The impact of conflict of interest in abdominal wall reconstruction with acellular dermal matrix

Brent R. De George, Michael C. Holland, David B. Drake

Research output: Contribution to journalArticlepeer-review

35 Scopus citations

Abstract

Introduction: Conflict of interest (COI) and disclosure of financial relationships have received increased attention recently owing inpart to the passageof the Physician Payments Sunshine Act, which requires manufacturers of drugs, medical devices, and biological to record payments to physicians and health care systems. The impact of financial relationships with industry sponsorship and COI reporting on surgical outcomes of abdominal wall reconstruction with acellular dermal matrices (ADMs) has not been previously explored. Methods: A systematic review of the literature for studies that evaluated surgical outcomes in abdominalwall reconstruction using ADM was conducted. The level of evidence of these studies was evaluated; and data concerning the typeof industry, government, or national society sponsorship, primary outcome, complications, and statistical results were collected. The overall favorability of the study with respect to ADM use was systematically assessed. Comparisons between type of sponsorship and significant results were analyzed using the Pearson X2 test. Results: A total of 204 studies were identified, of which 124 fulfilled our inclusion criteria. Sixty-four (52%) studies had a disclosure statement present. Conflict of interest was reported in 39 (61%) of these studies. Taken collectively, studies that report no COI are more likely to be unfunded (P < 0.001). Studies with a reported COI are more likely to reporta favorable outcome with respect to infection (P < 0.01), wound complications (P < 0.01), and overall morbidity (P < 0.07) and mortality (P < 0.05). Conclusions: Industry sponsorship and COI are common in abdominal wall reconstruction studies with ADM. Studies authored by groups disclosing an industry conflict that report clinical outcomes are significantly associated with reporting lower postoperative complications, and consequently describing positive research findings.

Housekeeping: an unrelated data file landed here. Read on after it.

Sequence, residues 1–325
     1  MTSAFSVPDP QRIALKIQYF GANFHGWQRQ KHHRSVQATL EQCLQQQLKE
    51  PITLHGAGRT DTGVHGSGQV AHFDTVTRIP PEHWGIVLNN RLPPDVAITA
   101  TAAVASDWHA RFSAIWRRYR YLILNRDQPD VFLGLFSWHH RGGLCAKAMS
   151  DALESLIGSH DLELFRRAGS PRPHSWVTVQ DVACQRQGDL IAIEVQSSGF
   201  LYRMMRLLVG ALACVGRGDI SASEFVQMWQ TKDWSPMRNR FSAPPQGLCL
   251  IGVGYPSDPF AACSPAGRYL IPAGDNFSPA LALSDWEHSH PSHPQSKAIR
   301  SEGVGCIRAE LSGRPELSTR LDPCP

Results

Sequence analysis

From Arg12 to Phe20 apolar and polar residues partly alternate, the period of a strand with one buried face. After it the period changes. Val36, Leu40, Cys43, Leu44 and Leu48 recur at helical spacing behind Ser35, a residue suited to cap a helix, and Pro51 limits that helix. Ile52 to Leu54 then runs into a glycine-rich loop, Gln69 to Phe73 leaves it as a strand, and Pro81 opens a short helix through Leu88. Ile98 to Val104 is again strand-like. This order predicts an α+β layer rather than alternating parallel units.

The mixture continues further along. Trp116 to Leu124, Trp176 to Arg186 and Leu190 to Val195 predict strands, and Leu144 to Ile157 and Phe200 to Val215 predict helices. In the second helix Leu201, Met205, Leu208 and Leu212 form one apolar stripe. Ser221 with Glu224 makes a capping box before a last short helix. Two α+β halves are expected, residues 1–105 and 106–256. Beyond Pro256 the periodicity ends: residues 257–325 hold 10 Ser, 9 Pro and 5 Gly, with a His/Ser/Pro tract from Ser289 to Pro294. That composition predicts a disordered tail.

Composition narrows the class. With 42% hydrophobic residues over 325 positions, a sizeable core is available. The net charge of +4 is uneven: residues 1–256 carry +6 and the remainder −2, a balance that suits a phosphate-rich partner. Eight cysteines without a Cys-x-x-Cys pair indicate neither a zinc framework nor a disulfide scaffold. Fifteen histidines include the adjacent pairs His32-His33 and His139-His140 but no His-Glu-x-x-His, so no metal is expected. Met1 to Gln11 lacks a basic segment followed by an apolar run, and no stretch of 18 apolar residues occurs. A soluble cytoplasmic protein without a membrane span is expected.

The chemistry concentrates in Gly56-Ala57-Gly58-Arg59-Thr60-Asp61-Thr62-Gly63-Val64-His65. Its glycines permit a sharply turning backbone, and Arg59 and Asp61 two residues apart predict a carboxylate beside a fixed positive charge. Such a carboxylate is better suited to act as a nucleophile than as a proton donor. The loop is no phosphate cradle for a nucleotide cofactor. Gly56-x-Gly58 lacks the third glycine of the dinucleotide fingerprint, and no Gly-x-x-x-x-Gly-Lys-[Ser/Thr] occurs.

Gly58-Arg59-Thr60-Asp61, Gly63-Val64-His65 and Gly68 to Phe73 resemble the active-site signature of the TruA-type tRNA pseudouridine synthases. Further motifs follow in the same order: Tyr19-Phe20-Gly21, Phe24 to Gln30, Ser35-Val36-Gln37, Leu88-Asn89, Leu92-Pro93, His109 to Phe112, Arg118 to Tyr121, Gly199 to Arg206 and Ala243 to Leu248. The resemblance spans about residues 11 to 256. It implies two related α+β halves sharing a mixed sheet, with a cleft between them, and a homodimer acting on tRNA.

Original languageEnglish
Pages (from-to)242-247
Number of pages6
JournalAnnals of Plastic Surgery
Volume74
Issue number2
DOIs
StatePublished - 2015

Bibliographical note

Publisher Copyright:
Copyright © 2015 Wolters Kluwer Health, Inc. All rights reserved.

Keywords

  • Abdominal wall
  • Acellular dermal matrix
  • Bioprosthetic mesh
  • Conflict of interest

ASJC Scopus subject areas

  • Surgery

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